Opposition stuck in credibility and capacity crisis – Manyenyeni

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By Staff Reporter

ZIMBABWE’s opposition has lost its founding values and now needs to deal with credibility as well as capacity issues dogging it, former Harare Mayor Bernard Manyenyeni has said.

Manyenyeni was Mayor of Harare between 2013 and 2018 representing the opposition MDC and remains an active member of the party.

In a scathing Facebook post, Thursday, Manyenyeni said Zimbabwe remains stuck in a leadership crisis 39 years after majority rule arguing most technocrats have turned into arm-chair critics.

“Us in the opposition have credibility and capacity doubts to clear – having long lost our factory settings,” said Manyenyeni.

The MDC formed in 1999 as a social-democratic party has consistently campaigned on a platform to change the way Zanu PF has governed the country under the mantra “change the way you do things”.

However having been in charge of most of the country’s urban centres for nearly two decades the party’s officials have been accused of corruption including a case in which all its councillors were fired from Chitungwiza for graft.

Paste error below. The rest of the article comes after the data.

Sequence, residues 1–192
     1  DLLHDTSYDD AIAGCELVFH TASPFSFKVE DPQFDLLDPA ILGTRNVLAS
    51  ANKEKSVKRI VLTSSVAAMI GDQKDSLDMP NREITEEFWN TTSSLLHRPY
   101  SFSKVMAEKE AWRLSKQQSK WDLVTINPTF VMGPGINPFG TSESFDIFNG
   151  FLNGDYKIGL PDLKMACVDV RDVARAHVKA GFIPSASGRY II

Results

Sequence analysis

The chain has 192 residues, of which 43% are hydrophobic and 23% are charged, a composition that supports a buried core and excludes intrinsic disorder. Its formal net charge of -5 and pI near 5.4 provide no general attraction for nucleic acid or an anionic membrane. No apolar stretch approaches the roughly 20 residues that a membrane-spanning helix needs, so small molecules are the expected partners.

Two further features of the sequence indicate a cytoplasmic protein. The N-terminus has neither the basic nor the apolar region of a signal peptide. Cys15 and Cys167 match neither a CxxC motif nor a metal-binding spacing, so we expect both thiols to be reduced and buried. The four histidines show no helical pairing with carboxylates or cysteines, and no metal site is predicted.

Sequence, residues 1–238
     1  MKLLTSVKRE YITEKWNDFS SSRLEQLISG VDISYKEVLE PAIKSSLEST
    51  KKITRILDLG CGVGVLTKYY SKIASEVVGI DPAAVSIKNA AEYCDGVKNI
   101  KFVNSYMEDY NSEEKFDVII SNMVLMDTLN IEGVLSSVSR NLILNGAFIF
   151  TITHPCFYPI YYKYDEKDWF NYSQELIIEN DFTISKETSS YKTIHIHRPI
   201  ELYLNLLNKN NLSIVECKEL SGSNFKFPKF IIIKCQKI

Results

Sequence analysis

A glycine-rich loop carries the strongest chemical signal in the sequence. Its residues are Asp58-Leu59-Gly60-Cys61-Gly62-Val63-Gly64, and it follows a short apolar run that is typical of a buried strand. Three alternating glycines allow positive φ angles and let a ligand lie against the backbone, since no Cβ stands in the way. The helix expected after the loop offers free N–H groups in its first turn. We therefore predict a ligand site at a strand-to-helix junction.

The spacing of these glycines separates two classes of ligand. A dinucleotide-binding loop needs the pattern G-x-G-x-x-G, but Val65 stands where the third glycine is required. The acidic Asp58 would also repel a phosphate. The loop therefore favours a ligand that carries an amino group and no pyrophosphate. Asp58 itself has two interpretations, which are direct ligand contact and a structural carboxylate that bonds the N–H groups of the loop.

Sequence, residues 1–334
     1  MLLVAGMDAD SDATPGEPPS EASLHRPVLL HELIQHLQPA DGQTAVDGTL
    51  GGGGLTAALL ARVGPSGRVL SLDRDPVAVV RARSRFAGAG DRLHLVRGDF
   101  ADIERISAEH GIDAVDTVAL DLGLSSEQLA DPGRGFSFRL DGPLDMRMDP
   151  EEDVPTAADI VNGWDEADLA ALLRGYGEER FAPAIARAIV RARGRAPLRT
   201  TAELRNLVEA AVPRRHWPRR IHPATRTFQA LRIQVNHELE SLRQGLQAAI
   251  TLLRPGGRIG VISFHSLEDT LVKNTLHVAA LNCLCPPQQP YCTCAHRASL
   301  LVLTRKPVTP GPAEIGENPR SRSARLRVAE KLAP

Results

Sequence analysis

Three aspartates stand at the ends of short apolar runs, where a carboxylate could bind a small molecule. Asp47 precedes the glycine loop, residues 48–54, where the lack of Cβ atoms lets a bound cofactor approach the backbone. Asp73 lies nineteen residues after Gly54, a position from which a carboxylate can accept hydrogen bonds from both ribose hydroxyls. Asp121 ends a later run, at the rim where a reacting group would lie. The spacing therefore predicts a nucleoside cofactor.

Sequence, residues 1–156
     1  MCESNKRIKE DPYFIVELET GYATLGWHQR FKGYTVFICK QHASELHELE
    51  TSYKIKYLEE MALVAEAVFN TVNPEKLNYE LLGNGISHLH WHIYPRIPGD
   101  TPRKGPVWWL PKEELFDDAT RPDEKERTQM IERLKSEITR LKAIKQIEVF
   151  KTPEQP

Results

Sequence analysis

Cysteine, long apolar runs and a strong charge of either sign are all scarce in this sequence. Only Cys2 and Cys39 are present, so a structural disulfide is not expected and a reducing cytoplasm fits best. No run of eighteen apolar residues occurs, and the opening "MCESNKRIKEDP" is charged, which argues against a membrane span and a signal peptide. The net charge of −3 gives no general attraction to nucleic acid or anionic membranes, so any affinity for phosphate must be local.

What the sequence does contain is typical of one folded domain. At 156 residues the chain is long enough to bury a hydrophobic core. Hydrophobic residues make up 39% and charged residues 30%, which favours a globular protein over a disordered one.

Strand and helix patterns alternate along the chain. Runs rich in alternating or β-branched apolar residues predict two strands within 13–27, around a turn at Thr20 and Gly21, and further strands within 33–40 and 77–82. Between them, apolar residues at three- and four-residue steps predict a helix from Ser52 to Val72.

Under new 41 year-old new leader Nelson Chamisa, Manyenyeni said the MDC needs to act like a responsible opposition.

“We have to look less and less like a grouping of selfish activists but a real government-in-waiting.

“Introspection is hardly ever on the agenda,” the former Harare councillor said suggesting there is a possibility for a “third force’ that however he argued may not be viable.

Manyenyeni argued respectable Zimbabweans who could help the country extricate itself out of the rut are unwilling to get dirty.

“The professionals and technocrats are arm-chair compatriots. Those who are NEEDED to serve simply leave it to those who are in it for NEED.

“National one-ness and cohesion remain elusive (and) partisan politics remains the only game in town. We are in perpetual election mode- very destructive,” the ex-Harare Mayor said.

A few years ago, Manyenyeni riled many opposition activists after arguing the caliber of councillors in Harare left a left to be desired. He at the time advocated for a qualification clause in rules governing election of candidates to councils.

The former councillor said 39 years after independence, Zimbabwe is trudging along like a “rudderless ship” with basic freedoms that those who went to war demanded “non-existent.”

“We’ve done things we can never been proud of. Political leadership failure is on display all-round.

“A jewel of a country destroyed by its own leaders as docile citizens watched. The team in power (Zanu PF) continues to focus on power retention – ruling as they do but not leading – most times behaving like they are just an opposition party in government,” he said.

Manyenyeni repeated his call for a scrapping of “partisan elections” for 10 years arguing they have destroyed the country’s political, economic and social fabric.